Spending and saving

It was reported this week that unsecured debt in the UK has reached almost £13,000 per household; so that’s debts, not including mortgages or car/large purchase loans. While some houses are doing much better/have no loans at all, some people must be in way worse shape with even higher loans.

And for what? I can’t imagine what you could need £13,000 for. I mean I hope they at least got a boat, or a sweet car, or had one hell of a weekend in Vegas. You could stay in the Shangri-La Suite at The Shard for one night, but I can’t imagine anyone doing that if it meant getting into that much debt – one night of opulence for years of interest payments?

Fantasy hotel rooms aside, I realise that for a lot of people, unsecured debt builds up because of unexpected income changes, or unexpected costs; an illness in the family or redundancy are not things you can prepare for.  But being financially healthy before these events take place, does help you to bounce back more quickly (sorry, I have no emotional counsel to offer today).

I don’t consider myself to have suffered any major financial shocks, although I have recently been made redundant, and three years ago, I moved back to the UK with no job and only a little money saved. Receiving the news that your job is ending is tough, and it’s even more tough if you are heavily relying on all of that income for payments/debts. Moving back to the UK was difficult, more for emotional reasons, but being in a position where I didn’t have to find a job immediately definitely helped (I was lucky enough to be able to stay with my parent for a long time, while I started putting my life in the UK together – and I would stress that in hard times, there is nothing so healing and supportive as a social network)

I realised in this fresh bout of personal economic uncertainty that actually, because I save a lot of my income, I don’t have to worry about financial shocks as much. Buying less stuff, which can sometimes feel restrictive, has actually saved me a lot of stress in the long run. I may get tempted by the special, state of the art, expensive mascara/skirt/gadget/furniture/ plant pot/ornament/ kitchen utensil/insert any other item here, but is it worth all that stress? Will it make me happier, really, if later on, I need that money for more important thing, and I don’t have it?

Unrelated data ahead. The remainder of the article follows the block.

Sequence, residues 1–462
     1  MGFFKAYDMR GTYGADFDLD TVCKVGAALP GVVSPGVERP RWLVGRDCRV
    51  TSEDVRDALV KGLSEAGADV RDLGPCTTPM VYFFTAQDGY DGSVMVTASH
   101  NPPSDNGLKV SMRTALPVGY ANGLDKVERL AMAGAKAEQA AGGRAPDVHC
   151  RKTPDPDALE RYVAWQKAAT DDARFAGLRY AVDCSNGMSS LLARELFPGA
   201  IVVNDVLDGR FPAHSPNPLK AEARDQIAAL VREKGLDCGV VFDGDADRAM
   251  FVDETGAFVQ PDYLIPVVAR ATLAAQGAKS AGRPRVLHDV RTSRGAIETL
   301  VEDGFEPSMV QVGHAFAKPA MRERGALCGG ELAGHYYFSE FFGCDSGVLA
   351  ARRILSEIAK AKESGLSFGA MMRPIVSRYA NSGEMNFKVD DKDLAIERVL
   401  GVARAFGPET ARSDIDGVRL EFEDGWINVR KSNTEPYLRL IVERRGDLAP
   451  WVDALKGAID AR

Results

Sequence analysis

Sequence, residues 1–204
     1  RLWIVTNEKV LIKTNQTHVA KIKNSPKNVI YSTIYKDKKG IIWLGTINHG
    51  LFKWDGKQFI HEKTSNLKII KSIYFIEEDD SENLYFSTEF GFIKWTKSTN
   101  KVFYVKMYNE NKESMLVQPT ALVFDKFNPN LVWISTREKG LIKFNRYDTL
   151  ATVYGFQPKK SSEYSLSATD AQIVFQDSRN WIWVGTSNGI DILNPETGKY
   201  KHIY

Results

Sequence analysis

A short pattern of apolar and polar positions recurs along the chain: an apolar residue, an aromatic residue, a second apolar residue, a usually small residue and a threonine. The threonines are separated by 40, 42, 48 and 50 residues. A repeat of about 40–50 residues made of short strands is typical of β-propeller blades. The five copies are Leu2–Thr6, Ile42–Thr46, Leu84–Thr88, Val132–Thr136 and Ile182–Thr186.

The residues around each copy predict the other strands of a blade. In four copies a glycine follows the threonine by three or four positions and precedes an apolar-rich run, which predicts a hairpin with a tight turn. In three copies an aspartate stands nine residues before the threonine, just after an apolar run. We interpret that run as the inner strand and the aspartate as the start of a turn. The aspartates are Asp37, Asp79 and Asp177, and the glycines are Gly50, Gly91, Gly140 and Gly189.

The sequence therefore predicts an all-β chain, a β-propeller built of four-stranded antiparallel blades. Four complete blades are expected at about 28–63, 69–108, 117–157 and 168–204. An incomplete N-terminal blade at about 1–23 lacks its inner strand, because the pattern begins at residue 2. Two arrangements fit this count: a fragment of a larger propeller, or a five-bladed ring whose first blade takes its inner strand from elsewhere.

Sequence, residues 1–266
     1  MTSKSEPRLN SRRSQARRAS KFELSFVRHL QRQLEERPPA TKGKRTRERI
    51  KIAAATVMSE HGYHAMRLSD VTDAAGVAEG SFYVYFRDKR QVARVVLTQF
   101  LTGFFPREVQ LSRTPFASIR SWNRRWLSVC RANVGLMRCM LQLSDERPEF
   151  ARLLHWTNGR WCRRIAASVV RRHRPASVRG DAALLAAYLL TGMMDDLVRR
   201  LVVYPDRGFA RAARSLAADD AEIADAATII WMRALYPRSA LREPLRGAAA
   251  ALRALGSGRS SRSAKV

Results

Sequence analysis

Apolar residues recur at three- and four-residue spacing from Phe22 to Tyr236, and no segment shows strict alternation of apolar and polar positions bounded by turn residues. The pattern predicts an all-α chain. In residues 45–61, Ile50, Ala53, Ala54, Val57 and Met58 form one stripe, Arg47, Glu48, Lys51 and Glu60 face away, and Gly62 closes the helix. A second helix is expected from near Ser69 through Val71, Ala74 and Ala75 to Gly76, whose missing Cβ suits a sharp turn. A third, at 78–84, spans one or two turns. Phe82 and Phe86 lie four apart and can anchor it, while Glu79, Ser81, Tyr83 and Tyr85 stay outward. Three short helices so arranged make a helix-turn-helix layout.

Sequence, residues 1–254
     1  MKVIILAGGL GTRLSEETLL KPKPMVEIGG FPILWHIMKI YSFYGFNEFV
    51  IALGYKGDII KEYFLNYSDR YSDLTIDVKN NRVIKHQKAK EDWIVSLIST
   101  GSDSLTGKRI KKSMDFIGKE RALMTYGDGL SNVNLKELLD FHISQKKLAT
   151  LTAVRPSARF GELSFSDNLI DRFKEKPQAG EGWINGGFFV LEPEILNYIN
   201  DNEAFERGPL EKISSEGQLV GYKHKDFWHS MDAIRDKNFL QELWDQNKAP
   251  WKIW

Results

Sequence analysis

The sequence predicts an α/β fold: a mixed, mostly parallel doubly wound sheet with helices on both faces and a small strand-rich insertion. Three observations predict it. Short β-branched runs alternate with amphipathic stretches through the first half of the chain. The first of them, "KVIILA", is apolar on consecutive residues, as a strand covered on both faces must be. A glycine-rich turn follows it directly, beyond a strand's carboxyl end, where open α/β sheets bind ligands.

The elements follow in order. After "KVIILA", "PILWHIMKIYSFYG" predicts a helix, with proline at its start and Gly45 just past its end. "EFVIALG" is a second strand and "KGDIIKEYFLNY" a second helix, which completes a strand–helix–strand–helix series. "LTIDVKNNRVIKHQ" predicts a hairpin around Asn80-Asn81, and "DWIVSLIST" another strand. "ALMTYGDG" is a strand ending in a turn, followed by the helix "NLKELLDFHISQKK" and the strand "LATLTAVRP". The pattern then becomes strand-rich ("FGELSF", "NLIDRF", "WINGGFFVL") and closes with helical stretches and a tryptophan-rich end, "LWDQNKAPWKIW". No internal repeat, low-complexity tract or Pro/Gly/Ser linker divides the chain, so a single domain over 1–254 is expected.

To me, this is the great lie of commercialism, of materialism. Advertising is designed to make you feel like you can’t live without something. It fulfils a social or functional utility that is completely essential… except it isn’t. It’s all a big porky!

It’s hard to say where to start with stripping back your spending (although Mr. Money Mustache has some great offerings) but for me, it starts with looking at all my essential expenses; mortgage, council tax (UK thing), energy, water, insurance, food, phone bill, for me home broadband too (we both work from home occasionally) (you might also include travel costs, or other work based expenses, and childcare costs). Even with these payments, you can compare different companies to get the best price, and with food shopping, you can make from scratch more, and spend less (if you have time!).

So total all these monthly payments (estimate if necessary), and minus this total from your monthly income. You might be surprised at what that total left over comes to – I was! Where does all that money go, every month? Well, to start seeing the rest of the picture, maybe add in what you pay for entertainment; Netflix, cable, cinema trips, evenings out with friends, holidays – these are hard to estimate in some cases, but put down a rough figure. Do you treat the family to a weekly take away? over a month this could be in excess of £150.

You might have payments for a car or loan, and they usually make a big difference to your disposable (funny that we call it that!) income. You can’t stop paying these, but would you take them out again, knowing what a big difference they make?

Now you’ve seen these figures, you can see the maximum amount you could be saving. Nobody wants to do that though, not even me. But even if you can save a quarter of this amount, you will soon have a nest egg to support you should you come into financial difficulty.

And if you don’t? What do you do with those savings to get the most out of them? Investing can be risky, depending on your options. The most important thing is to pay off all your debts, starting with the ones yielding the highest interest. Because we have just started out on our mortgage repayments, any payment we make now would save us twice as much interest. I think of this as a 200% return on our investment!

If you don’t have any debts, then buying property or low risk (low yield) investments can be a good idea – but always seek professional financial advice – the value of all things can go up and down.

Minimalism is all about getting rid of stuff… right? Wrong. To me, it’s about not buying it in the first place. Make considered purchases. Put the impulse buy down – go back next week, and if you still want it, go for it. If you don’t, at least it’s not sitting in your house, being unwanted now.

And most importantly, save yourself a whole lot of stress!

Let me know – were you surprised how much disposable income you have? Do you think you could save more?


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